Also nearby is Jewish quarter. In 13th century- Jews were ordered to vacate their disparate homes and settle in one area. Over the centuries, with Jews banned from living anywhere else in Prague, and with new arrivals expelled from Moravia, Germany, Austria, and Spain joining them, more and more people were crowded in. Most of the significant historical buildings (including six synagogues) were saved from destruction, and today they remain a testimony to the history of the Jews in Prague. They form the best preserved complex of historical Jewish monuments in the whole of Europe. The monuments even survived the Nazi occupation in the 20th century. Adolf Hitler himself decided to preserve the Jewish Quarter as a “Museum of an Extinct Race”. Actually the Nazis gathered Jewish artifacts from other occupied countries, transported them to Prague to form part of the museum.
Nearby was also the famous astronomical clock that has been working for last 600 years. Huge throngs of tourists surround the area at stroke of every hour when the procession of the Twelve Apostles sets in motion. Unfortunately it has been closed for repairs since Jan 2018.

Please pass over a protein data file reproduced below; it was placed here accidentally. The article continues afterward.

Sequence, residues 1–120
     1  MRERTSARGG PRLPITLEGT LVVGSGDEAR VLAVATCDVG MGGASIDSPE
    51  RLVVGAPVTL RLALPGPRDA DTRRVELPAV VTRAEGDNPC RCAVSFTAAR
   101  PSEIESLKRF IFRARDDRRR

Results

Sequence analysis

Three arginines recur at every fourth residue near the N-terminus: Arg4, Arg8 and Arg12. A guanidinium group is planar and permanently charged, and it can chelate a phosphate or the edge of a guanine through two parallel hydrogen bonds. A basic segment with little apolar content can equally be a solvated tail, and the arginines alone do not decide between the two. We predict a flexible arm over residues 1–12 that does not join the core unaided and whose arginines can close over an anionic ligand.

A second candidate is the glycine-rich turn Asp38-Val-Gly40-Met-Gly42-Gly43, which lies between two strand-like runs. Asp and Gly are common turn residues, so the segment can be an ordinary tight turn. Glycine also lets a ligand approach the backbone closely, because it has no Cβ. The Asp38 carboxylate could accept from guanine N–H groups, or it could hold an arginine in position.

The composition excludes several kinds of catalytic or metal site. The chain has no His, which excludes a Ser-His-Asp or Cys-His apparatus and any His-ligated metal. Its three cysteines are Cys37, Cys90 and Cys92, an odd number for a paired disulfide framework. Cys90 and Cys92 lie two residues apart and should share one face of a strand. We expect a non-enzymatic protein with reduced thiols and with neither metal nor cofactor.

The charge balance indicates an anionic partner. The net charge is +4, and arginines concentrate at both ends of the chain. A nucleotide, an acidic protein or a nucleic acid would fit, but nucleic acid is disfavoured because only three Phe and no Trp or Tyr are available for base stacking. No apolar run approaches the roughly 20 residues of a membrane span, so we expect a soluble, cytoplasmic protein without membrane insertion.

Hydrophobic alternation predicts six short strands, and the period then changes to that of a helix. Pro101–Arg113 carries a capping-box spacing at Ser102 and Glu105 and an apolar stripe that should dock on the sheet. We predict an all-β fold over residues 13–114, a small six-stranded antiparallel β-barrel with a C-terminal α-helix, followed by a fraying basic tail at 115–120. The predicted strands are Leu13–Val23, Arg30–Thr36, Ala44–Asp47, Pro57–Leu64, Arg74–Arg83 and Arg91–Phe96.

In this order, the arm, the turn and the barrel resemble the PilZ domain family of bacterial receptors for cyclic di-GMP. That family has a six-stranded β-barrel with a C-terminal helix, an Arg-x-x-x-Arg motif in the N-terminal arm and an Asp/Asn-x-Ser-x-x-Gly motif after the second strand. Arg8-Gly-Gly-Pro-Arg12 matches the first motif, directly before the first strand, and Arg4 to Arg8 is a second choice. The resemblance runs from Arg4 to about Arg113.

It tracks Old Bohemian time, when the new day began with sunset; Babylonian time, which tracks the day from sunrise to sunset; Central European time, which is marked with a distinctive hand in the shape of the sun; and Star time, measured by the way the stars appear to move because of the Earth’s rotation. A calendar dial notes the days of the week, month and year, and a zodiacal ring shows the path of the sun and moon through the sky. But it is the astrolabe that is the heart of the clock’s mechanical operation. The apparatus, which tracks the position of the sun, moon and stars, has been an essential tool for astronomers and mariners dating back to antiquity.
Then we walked up Charles River bridge. It is a beautiful stone bridge across Vtava river and has been in existence since 14th century. It is lined with 30 Baroque statues of religious figures. It was packed with lots of tourists trying to capture the scenery on their phones and cameras. We requested a group to take our picture- and truly, in the spirit of Prague- they decided to photo-bomb !!!!
Finally, to end our busy day, we went out to a delicious vegan restaurant- Etnosvet. I cannot describe how many great vegetarian restaurants we visited in this trip. Another restaurant we visited was Maitrea in Prague as well.